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Texas Program ‘Guarantees’ Technical Jobs After Graduation

As higher education institutions across the nation move to boost enrollment and graduation, Texas is rolling out an unusual program this month aimed at achieving both goals.

112216_featureThe Texas State Technical College (TSTC) System is debuting its “Money-Back Guarantee” program for technical college students who earn associate arts degrees in specific disciplines and are unable to find jobs within six months of graduation.

“It’s a statement to the families of Texas,” says Jeff Kilgore, vice chancellor of the 10-campus TSTC System with some 15,000 students. “We are interested in your interest,” says Kilgore, asserting the new push is simple and works for the state of citizens who participate.

The new effort helps TSTC respond to the “debt crisis” many students face, Kilgore says. “A lot of families are looking at the ROI (return on investment),” he adds. Students can walk out with $10,000 of tuition debt and a 90-percent placement rate, he says.

“We don’t anticipate significant liability,” Kilgore says confidently.

The program pays tuition costs only and provides for reimbursing lenders.

The “Money-Back Guarantee” program, which has two phases, says students who enroll in one of five specific associate degree programs and complete the Get-A-Job classes spread over two years of degree studies are eligible for a full refund of tuition if they do not get a job in six months.

Kilgore says the initial programs included in the offer are for training in fields—diesel equipment, electrical line worker, electrical power and controls, instrumentation and welding—in which there is high demand for skilled workers. He says the state’s exposure to risk is low as, historically, job placement in those fields is around 90 percent.

Jobs in the fields of training covered by the Money-Back Guarantee program historically pay $50,000 to $70,000 and higher, says Bob Livingston, TSTC vice president of industrial relations. Tuition for training in those fields runs around $15,000 at peak, he says.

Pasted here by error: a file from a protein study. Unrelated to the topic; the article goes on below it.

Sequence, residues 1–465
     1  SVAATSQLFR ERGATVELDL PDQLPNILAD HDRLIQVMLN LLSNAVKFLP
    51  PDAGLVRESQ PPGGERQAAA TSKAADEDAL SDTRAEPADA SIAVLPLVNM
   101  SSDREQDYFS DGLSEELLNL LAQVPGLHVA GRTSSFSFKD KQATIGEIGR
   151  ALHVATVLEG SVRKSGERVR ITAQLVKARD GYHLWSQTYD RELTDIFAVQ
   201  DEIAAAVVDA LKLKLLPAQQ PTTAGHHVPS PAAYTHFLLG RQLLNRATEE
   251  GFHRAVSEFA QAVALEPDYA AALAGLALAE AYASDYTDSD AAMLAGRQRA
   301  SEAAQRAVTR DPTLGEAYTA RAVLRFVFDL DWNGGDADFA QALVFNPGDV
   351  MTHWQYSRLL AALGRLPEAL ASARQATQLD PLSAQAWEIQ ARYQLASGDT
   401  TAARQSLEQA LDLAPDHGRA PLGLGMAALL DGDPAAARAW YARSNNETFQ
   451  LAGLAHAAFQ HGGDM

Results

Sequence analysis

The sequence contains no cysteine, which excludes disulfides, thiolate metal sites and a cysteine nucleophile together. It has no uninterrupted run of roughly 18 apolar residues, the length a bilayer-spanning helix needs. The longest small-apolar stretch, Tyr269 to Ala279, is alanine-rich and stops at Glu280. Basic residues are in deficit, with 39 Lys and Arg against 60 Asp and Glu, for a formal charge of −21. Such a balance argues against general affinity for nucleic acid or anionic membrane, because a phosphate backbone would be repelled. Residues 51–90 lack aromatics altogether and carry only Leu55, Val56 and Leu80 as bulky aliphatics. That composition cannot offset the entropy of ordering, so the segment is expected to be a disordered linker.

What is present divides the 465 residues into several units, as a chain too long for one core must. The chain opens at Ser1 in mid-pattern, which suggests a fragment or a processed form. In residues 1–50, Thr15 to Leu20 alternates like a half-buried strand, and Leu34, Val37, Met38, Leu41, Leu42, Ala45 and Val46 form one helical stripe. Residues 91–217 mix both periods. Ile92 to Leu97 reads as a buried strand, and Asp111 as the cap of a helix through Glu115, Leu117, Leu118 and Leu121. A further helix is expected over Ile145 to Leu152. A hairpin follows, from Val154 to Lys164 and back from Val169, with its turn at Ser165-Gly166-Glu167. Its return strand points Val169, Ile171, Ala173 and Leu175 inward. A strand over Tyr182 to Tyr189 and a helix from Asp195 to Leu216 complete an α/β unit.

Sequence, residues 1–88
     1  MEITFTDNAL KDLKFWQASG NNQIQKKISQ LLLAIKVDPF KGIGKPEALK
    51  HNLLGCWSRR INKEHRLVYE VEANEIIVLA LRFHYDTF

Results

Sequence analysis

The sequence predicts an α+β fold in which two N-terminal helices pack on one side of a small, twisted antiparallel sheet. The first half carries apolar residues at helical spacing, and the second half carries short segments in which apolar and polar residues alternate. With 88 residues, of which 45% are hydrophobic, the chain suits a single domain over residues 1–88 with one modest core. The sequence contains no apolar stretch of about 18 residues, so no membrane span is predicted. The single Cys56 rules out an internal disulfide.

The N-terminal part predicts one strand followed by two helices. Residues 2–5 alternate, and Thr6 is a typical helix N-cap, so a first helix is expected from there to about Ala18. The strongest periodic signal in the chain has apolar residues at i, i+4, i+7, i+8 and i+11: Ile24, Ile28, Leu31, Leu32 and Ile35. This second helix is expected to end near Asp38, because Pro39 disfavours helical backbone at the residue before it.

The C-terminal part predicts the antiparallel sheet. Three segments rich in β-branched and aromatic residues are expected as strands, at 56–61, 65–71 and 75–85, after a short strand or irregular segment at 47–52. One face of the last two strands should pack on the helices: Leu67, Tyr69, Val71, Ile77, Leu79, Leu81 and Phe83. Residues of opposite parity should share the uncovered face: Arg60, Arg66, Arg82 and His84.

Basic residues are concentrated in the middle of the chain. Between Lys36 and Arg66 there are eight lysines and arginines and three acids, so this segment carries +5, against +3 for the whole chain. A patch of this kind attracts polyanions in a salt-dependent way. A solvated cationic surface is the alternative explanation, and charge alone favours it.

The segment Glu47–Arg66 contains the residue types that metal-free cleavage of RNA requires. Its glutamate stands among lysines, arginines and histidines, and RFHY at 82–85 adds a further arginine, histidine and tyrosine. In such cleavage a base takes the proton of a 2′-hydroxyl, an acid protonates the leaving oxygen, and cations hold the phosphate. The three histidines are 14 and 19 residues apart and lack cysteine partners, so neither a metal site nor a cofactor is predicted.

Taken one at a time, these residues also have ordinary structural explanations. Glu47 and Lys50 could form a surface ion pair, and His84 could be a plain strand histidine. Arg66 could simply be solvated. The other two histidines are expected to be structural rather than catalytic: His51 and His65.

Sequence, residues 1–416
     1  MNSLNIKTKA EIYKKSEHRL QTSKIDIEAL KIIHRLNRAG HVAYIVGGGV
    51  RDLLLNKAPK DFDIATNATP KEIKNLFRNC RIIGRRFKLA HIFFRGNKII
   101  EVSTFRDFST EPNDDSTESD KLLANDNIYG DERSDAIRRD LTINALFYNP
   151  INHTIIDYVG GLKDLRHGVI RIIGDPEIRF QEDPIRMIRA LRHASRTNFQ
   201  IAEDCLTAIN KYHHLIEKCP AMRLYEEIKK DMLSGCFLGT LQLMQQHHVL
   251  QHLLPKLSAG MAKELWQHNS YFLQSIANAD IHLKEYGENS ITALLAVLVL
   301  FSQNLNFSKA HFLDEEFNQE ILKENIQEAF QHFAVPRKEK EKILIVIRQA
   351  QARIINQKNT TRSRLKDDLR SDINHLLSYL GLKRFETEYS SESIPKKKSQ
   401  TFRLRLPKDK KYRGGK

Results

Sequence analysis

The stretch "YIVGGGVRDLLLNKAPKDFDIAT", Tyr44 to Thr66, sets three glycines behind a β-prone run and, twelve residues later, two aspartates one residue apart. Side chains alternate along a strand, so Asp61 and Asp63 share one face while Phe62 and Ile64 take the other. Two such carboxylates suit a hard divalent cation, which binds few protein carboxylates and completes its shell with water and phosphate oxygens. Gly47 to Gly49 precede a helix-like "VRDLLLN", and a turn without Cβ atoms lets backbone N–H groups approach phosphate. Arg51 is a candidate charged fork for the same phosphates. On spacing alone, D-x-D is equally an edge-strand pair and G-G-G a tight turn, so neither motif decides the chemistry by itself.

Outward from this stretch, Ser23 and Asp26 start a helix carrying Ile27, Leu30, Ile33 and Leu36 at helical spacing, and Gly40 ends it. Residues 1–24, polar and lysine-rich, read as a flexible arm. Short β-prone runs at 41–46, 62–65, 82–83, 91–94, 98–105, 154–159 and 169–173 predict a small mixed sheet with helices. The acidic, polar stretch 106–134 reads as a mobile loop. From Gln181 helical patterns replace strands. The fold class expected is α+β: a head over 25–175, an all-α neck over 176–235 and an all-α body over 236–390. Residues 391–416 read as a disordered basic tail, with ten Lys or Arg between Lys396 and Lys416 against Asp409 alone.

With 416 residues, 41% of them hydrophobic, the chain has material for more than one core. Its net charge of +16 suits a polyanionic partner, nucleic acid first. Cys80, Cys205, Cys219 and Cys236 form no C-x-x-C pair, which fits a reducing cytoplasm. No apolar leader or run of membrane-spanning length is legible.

The TSTC move, believed to be the first of its kind in the nation, is the latest effort by Texas leaders to base more and more state funding of public colleges and universities on performance standards that many embrace and some reject as short-sighted.

Last year the TSTC System began phasing in a pay system for its instructors and most staff that is based on its overall performance in placing graduates. This month’s refund program is an extension of that shift in direction of funding for the 50-year-old institution.

Kilgore says the Money-Back Guarantee program should have strong appeal to a wide range of prospects—to nontraditional and traditional students, given the changing demands of the employment market.

He says the program should be of interest to the increasing number of military veterans and four-year college graduates who are finding good paying jobs hard to find. Some need initial training in the skills. Others need retraining in fields in which there is no longer historical demand.

“We teach to the greatest need in the state’s workforce,” says Kilgore, emphasizing TSTC’s mission is to train students for “economic development” related jobs. The state’s workforce is “very fluid and dynamic,” he says.

Livingston says the 80-hours phase of the Money-Back Guarantee commitment provides coaching for students on applying for jobs and interviewing and resume skills. Employers also are invited to the campus to explain to students what is involved in the kinds of work they provide.

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